Shelled Hemp Seed
Due to the high fiber content of the shell, hemp seeds are dehulled to produce “hemp hearts” which taste similar to pine nuts. They can be consumed alone, made into milk, or sprinkled onto salads, pasta, etc.
As a modern food, hemp seed is usually sold and packaged without the seed’s protective outer shell. Shelled hemp seed has many brand and trade names including hulled hempseed, dehulled hempseed, hemp hearts, and hemp nut. This seed “meat” is sold on its own but is also the principal ingredient in a wide variety of naturally processed foods, including granola, milk, butter, chips, ice cream and breads.
Why shell the seed? Many people find the shells pesky to eat and somewhat messy (think of sunflower seeds). Removing the shell makes the seed softer, which is more attractive to modern consumers and food lovers, and also makes the seed a more flexible and useful ingredient in home and commercial shelf-ready recipes.
Shelling is something of a “black box” mechanical process that uses friction, gravity and screens to separate shells from the seed meat. Chemicals are not necessary for a good separation of material, it’s all physics.
So, what’s left afterwards? A good mix of protein and healthy fats. Shelled hemp seed is about 35% protein and contains up to 45% oil (see hemp seed oil for a discussion on hemp seed’s omega-3 and omega-6 content). In this food form, there is also some dietary fiber and other carbohydrates present (see hemp protein for more on dietary fiber).
What makes hemp’s protein so interesting? Hemp seed contains a nutritionally significant amount of 8 essential amino acids, including arginine, leucine, lysine, methionine, phenylalanine, threonine, tryptophan and valine. Hemp also contains taurine and histidine, important amino acids for premature infants and children respectfully.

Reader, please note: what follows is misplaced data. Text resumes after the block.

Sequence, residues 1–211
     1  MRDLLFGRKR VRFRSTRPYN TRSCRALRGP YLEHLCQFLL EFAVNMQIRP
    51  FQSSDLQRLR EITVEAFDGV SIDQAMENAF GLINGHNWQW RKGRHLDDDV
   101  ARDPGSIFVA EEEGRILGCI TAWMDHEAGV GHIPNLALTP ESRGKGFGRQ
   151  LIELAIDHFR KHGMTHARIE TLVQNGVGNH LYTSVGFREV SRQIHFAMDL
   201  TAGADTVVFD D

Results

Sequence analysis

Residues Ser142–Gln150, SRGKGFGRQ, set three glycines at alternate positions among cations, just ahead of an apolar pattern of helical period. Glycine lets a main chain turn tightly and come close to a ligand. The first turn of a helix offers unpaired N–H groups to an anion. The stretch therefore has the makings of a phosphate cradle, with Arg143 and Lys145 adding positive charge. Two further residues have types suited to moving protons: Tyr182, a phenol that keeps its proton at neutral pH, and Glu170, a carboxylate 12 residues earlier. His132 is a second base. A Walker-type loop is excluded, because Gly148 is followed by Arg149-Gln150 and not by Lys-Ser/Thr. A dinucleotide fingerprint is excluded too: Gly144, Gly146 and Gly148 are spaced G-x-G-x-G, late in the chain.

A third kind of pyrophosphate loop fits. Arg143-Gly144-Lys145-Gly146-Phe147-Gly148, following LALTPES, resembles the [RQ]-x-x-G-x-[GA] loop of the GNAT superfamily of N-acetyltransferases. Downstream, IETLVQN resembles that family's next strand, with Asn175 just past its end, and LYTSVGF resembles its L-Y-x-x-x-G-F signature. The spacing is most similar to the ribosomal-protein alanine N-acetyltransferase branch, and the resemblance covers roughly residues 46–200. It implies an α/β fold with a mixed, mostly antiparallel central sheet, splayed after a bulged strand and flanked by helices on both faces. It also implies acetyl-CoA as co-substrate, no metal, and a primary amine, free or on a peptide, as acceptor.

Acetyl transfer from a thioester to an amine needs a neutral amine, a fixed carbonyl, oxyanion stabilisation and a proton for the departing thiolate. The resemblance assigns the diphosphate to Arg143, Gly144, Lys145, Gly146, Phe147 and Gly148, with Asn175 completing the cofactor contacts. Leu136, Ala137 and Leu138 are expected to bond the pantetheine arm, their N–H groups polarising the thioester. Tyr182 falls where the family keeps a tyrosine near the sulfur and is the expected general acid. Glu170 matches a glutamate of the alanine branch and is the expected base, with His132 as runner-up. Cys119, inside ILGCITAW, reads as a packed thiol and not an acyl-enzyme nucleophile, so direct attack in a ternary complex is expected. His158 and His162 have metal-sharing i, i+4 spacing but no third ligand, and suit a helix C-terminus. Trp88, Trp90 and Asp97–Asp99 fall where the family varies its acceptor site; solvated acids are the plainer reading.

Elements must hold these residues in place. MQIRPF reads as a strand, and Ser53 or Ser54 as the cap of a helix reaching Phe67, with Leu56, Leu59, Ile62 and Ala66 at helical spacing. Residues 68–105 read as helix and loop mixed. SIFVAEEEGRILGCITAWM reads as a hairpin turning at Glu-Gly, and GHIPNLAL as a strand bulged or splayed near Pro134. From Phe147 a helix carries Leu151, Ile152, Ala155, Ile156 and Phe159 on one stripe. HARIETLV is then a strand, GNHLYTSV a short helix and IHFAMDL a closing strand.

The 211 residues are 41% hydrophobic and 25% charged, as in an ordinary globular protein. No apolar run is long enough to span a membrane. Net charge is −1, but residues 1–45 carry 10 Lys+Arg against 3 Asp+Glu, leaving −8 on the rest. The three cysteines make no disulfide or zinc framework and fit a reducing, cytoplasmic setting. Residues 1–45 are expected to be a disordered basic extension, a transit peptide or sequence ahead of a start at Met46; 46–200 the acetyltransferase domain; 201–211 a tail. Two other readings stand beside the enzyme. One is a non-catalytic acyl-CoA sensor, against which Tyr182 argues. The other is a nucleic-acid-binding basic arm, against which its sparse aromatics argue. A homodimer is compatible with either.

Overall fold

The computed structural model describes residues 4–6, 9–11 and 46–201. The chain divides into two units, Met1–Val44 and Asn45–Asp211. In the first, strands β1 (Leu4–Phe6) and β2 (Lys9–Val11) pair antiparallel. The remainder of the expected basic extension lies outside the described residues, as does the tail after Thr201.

The presence of these nutrients helps regulate many common conditions including cardiac function, insulin balance, mood stability, skin and joint health.
As well, hemp protein contains vitamins including tocopherols (Vitamin E), phytosterols and trace minerals.
The protein structure of hemp is of high quality and contains two globular proteins, albumin and edestine. This structure is very similar to proteins present in the body’s blood and is thus very digestible. Hemp seed protein is also appearing to lack antinutrients which are found in soy which interferes with protein uptake. When compared to more common sources of proteins such as meat, milk, eggs, cheese and soybeans, hemp is a competitive choice, making hemp excellent source of nutrition for anyone committed to a meat reduced diet.
Hemp protein does not contain phytoestrogens – plant chemicals that mimic the body’s natural hormones. An overabundance of hormones, especially estrogen and chemicals that mimic estrogen, has been linked to certain types of cancers and developmental abnormalities in infants.
Unlike other protein heavy beans, hemp does not cause gas, which might be a cause of comfort for some. It’s nice nutty flavor also makes eating hemp more enjoyable.
How do you use shelled hemp? They have a texture and size similar to sesame seed so they are an easy addition to almost any meal. One can sprinkle shelled hempseeds on nearly anything. For example, you can add them to oatmeal for breakfast, salad or soup for lunch and cooked pasta for dinner. With some healthy oil, shelled hemp can be mixed into a buttery spread for bread. They can also be soaked in water, filtered and chilled to be used to make homemade hemp “milk” and ice cream.
Global Hemp, Inc makes no implied or express warranty regarding use of this guide; it should not be relied on in providing, or in lieu of seeking professional, nursing or medical advice, assistance or care.